The lost art of rotating strike in cricket
Cricket, as we know it today, has mutated into a batsman’s game. The crowds throng stadiums to see big hits. The sight of the white ball clearing the in-field and sailing deep into the stands is visually enthralling. If the switch hit from Kevin Petersen is a treat to watch, the reverse slap-hit for six over third man from Glenn Maxwell is astonishing.
It’s a good thing that they have a separate ball at each end these days. With the constant bashing a white ball takes in an ODI, it has more reasons than one to turn black, blue or perhaps green. Equally entertaining is the sight of stumps cartwheeling to a Mitchell Johnson fireball. But is the game all about hitting the cherry out of the park and toiling to have a crack at the stumps every time one runs in.
Singles and dot balls – The basics
In the late nineties, coaches in the Bangalore club cricket scene spoke vehemently on the significance of taking singles in a limited overs game. Likewise, the bowlers were taught the benefits of bowling dot balls.
Singles, we were advised, kept the scoreboard ticking. It allowed the batsman to change strike as often as possible and, in doing so, ensured that the bowler didn’t get into a rhythm. The bowler, on the other hand, was coached to keep a single batsman on strike through the over and pile on the pressure. These were the elementary rules of match play.
Whatever happened to constructing an innings
What we get to witness now on television, however, is quite the contrary. Batsmen, armed with testosterone-fueled biceps and wide willows, look to dent the fence right from the word go. Their mantra of unsettling the bowler is to cart them over the in-field and smash them into the stands. Add the cheer of the crowd to this, and it is mission accomplished for the batsman.
Agreed, the game has changed and it’s all about putting 300 on the board. But hitting fours and sixes alone is surely not the only way to get there; it needs to have a fair share of running involved too. How many have we seen perishing while playing to the gallery as opposed to building an innings?
When a switch hit comes good, you’re Glenn Maxwell; when it doesn’t, you’re branded plain stupid. My mind races back to the times of Arjuna Ranatunga. Never the quickest of movers, yet the 1996 World Cup winning Sri Lankan captain was constantly on the lookout for that quick single.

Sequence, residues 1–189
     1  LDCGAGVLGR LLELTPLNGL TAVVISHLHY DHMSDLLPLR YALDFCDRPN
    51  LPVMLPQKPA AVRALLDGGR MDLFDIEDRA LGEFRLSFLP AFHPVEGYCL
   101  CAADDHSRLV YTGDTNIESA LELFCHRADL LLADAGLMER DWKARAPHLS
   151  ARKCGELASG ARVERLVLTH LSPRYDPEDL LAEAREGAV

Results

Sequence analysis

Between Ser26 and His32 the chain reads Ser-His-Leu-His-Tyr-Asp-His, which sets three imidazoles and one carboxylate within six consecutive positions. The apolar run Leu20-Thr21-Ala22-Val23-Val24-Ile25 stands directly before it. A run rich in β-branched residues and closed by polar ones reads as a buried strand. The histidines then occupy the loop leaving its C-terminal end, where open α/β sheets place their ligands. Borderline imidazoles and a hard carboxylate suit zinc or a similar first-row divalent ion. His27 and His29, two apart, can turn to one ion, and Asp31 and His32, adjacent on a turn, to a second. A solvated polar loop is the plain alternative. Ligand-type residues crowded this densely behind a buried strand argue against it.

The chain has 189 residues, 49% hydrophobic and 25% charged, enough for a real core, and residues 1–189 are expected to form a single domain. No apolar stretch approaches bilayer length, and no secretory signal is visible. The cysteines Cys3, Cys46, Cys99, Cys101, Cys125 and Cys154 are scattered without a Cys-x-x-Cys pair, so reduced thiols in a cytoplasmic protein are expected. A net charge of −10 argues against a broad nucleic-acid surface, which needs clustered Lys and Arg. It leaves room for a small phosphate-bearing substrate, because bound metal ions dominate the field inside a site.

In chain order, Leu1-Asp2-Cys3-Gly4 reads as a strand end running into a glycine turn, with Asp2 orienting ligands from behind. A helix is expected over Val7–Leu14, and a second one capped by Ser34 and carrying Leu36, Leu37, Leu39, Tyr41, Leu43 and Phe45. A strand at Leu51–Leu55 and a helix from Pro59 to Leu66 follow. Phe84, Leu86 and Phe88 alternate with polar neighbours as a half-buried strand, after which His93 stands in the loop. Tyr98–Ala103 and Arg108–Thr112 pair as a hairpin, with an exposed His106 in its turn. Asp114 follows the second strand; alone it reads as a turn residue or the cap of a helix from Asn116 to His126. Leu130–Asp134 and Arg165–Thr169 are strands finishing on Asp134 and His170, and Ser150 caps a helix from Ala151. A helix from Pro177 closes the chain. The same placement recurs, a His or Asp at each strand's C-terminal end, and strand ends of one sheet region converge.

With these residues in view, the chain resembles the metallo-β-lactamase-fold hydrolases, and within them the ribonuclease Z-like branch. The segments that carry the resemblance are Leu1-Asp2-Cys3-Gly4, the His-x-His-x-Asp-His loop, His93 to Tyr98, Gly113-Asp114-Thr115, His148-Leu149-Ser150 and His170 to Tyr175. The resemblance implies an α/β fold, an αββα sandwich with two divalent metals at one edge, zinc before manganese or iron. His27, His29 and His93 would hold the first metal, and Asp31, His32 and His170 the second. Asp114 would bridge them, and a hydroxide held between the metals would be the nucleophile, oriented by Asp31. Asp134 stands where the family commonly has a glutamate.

What’s more, he’d walk many of those - much to the displeasure of the opposition. And when he’d raise his bat to bring up a fifty or a hundred, the opposition didn’t know what had hit them. For all his frame and presence, he was a silent accumulator – of singles and twos.
The dot ball theory
Much of India’s recent bowling success could be attributed to getting the bowling “basics” right. When not blessed with the pace of the Aussies or the Proteas, it’s wise to bowl a tidy line and length. Zimbabwe almost embarrassed India employing this very theory. They pegged India back by four, purely by bowling simple yet effective dot balls.
Not allowed to strike boundaries at will and kept on strike, India’s top four – save Virat Kohli – found unique ways to get back in the hut. Such is the magic of bowling dot balls. It paralyses a boundary craving batsman and stunts his ability to think on his feet. With the scoreboard not ticking and pressure mounting, self-destruction is all but a stroke away.
It is for this reason that some of the best modern day finishers and middle order batsmen in Michael Bevan, Arjuna Ranatunga and Steve Waugh worked the singles to maximum effect while toying with the bowlers. There’s no denying that the game will continue to evolve, with more batting inventions being inducted.
While club coaches will be teaching the “Dilscoop” and the upper-cut showing television archives to awestruck kids, I just hope and pray that somewhere in their modern coaching manual, there’s room for the fundamentals of match play – singles and dot balls.